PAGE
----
Q.1) The COVID-19 pandemic has caused disruptions to India’s plans and timelines of achieving SDGs and there is every reason to double or triple efforts for achieving the targets of the Agenda 2030. Examine (15 marks - 250 words)
Why this question? - Recently, NITI Aayog presented India’s second Voluntary National Review (VNR) at the United Nations High-level Political Forum (HLPF) on Sustainable Development, 2020.
Intro - A brief about SDGs.
- India and SDGs - India’s progress report.
- Challenges faced by India in meeting SDGs with main focus on COVID-19.
Way ahead - How to overcome these challenges.
Conclusion - Opportune time for India to work towards implementing SDGs at a fast pace, this will be like a shock absorber against ill effects of COVID.
Q.2) Criminal Law reforms are required with the changing intellect and thinking of society. Considering this, tell the domains which need to be reformed in India. Comment. 15 marks (250 words).
Why this question:
The Ministry of Home affairs has constituted a 5 member committee headed by Dr. Ranbir Singh for reforming the provisions of Indian Penal Code and other procedural laws.
Start with the recent committee formation
- The idea of Democracy
- Modern Education
- Gender Equality
- Globalisation (Learning from other countries Laws)
- Emphasizing on Due process of Law
Domains which require change:
- Scrapping of Laws that promote and protect patriarchy: like under Section 498 of IPC, “Enticing” of a married woman who is “in the care of” a man is an offence.
- Colonial Hangovers: Sedition also requires a relook as this offence is currently punishable with imprisonment for life and is often misused by the state to curb freedom of speech and expression in spite of guidelines given by court in Kedarnath Singh Case.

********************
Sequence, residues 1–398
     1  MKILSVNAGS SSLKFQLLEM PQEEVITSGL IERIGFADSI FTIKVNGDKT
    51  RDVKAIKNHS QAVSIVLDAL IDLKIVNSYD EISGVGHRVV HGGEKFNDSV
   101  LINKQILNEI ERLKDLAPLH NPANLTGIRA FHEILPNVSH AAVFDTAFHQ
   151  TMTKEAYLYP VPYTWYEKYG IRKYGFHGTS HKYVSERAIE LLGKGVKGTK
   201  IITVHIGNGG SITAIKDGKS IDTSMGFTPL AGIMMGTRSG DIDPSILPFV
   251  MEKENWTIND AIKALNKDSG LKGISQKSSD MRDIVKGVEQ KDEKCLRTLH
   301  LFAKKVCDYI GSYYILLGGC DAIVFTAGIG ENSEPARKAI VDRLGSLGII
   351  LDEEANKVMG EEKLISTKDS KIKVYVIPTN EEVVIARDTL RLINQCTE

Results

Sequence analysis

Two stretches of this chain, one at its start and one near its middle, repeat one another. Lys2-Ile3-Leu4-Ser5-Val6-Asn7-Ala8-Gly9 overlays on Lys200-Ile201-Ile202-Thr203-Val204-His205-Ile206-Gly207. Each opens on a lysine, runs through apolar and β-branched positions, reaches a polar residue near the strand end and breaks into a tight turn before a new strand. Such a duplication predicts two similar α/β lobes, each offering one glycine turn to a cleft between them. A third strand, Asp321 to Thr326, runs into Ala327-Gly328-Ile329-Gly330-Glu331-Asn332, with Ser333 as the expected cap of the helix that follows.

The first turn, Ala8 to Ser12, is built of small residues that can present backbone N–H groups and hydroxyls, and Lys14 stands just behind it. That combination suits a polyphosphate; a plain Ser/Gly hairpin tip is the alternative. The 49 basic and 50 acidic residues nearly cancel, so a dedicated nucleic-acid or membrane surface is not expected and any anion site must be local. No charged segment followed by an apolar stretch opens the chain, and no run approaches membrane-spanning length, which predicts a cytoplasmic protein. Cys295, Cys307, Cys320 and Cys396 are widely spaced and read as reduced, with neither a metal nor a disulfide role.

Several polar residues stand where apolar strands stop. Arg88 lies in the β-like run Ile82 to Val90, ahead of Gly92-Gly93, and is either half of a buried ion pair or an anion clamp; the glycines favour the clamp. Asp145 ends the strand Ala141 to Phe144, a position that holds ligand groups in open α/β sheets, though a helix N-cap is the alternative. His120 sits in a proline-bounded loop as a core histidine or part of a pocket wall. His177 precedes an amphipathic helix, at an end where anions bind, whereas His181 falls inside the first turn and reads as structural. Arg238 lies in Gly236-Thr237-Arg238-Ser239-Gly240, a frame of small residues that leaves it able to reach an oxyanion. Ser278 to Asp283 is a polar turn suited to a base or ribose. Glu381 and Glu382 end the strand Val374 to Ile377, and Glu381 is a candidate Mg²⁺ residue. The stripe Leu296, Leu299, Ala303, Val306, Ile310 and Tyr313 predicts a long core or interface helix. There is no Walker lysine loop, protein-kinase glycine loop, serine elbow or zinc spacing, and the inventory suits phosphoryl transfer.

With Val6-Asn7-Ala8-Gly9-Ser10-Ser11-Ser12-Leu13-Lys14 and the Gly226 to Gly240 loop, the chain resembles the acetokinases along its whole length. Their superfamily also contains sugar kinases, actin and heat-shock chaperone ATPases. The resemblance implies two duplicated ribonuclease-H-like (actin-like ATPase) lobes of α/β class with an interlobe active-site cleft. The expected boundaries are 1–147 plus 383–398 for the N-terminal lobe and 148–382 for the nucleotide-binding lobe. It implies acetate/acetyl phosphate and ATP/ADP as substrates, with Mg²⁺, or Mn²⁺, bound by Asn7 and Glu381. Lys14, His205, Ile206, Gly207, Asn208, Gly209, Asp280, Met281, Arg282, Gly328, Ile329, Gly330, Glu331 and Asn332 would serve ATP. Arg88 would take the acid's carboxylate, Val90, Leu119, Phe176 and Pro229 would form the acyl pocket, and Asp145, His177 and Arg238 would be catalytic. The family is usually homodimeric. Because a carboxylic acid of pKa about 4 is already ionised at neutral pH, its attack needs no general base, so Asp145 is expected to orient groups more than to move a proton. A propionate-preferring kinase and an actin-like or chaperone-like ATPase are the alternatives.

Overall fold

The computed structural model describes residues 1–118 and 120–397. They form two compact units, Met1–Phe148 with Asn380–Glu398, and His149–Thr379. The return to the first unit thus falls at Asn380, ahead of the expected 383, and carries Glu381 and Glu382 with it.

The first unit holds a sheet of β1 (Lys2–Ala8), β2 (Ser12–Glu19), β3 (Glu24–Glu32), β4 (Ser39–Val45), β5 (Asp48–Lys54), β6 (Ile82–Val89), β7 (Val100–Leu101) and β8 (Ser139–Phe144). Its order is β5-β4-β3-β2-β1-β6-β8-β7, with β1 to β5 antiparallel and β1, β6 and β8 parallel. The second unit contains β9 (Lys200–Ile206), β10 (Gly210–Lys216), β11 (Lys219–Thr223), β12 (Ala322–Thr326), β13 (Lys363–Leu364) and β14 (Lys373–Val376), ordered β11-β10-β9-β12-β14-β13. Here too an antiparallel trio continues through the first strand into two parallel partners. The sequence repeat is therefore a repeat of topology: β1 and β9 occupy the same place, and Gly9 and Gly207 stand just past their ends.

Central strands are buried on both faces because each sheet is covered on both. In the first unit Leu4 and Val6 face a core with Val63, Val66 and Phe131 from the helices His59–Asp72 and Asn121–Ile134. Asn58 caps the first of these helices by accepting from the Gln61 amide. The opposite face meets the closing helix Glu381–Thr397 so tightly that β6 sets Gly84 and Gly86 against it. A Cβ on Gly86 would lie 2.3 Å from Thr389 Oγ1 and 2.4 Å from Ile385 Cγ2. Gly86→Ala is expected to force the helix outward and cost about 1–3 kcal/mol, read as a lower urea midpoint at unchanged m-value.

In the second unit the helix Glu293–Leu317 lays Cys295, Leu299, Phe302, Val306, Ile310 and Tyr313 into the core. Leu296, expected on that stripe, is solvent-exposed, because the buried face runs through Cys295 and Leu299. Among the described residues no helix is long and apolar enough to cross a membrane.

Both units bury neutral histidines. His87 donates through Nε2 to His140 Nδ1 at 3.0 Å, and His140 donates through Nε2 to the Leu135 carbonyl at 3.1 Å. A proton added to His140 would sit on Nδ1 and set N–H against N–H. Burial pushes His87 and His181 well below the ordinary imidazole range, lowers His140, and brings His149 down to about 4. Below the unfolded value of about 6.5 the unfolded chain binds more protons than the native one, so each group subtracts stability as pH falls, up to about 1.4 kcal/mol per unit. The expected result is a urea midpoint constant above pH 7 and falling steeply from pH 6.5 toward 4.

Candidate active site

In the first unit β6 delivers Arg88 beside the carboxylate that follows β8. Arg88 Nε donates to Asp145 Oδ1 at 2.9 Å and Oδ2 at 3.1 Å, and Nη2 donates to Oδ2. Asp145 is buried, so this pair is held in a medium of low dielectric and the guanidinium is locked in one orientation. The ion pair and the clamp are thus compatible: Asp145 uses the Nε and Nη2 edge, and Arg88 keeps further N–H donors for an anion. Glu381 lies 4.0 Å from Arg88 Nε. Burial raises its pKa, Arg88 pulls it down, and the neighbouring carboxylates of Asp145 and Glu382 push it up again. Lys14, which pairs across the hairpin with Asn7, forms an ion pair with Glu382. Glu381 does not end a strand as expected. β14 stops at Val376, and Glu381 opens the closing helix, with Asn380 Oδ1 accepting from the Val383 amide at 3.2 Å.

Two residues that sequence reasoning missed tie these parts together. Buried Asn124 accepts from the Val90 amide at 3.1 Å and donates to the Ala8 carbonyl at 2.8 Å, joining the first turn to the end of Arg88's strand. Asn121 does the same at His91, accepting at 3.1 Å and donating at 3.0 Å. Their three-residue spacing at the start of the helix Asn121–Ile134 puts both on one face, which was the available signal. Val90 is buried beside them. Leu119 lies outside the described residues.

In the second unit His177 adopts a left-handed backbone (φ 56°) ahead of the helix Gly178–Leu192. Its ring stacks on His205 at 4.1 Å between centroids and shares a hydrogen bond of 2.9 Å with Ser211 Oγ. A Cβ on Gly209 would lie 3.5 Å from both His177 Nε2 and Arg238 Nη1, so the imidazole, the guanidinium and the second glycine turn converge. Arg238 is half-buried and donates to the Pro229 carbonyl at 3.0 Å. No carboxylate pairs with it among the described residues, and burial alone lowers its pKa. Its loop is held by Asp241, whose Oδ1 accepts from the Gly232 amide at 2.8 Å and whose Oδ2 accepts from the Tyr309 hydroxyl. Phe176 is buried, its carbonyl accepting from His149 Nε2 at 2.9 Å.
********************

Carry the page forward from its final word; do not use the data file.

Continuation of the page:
- The issue of Criminalisation of Marital Rape is long demanded as non consensual sex can’t be allowed in a modern state.
- In 2017, the SC in a landmark ruling (Independent Thought V. Union of India) had said that although marital rape is not a criminal offence, sexual intercourse of a man with his minor wife will be considered rape.
- Further, there is a need to view Sexual offenses from the lens of Gender Neutrality and not solely from a female perspective.
- Under Section 375 of IPC which deals with Rape, only a woman can file a case of rape against a man.
- A cautious thought over the Death Penalty needs to be taken as majority of developed countries have abolished or are the path of abolishing it. In India also, it is to be given in rarest of rare cases as per the Bachan Singh Judgement.
- Minimum age to commit an offence also needs a relook as Juvenile law was recently amended to treat a child above 16 years as an adult if he conducts a heinous crime.
- Passive Euthanasia is already allowed in India after Common Cause Case of 2018 but the committe needs to examine whether active euthanasia should also be given a go ahead or not.
- With growing sexual and reproductive rights of women can the offence of miscarriage can be decriminalised.
- Subjects new to the legal landscape in India such as corporate homicide must also be thought of.
- In the United Kingdom, a law was enacted in 2007 to criminalise activities of a corporation, including employers, if such activities lead to the death of any person.
- Further can additional types of punishment — based on objectives of deterrence, rehabilitation, restoration etc — be inserted” in the Indian Penal Code.
- On procedural aspects of criminal law, there is a need to harmonise the statute books with court rulings.
- Despite “landmark rulings” reading down provisions and inserting safeguards through guidelines, processes of the state are often weaponised against citizens.
- From raids to arrests and the holding of accused in state custody — criminal law needs to be updated to meet the demands of the democratic temper of the 21st-century.
- There is a need to revamp laws owing to the digital advancement in the country and growing importance of privacy but the same shouldn’t lead to excessive policing and over criminalisation.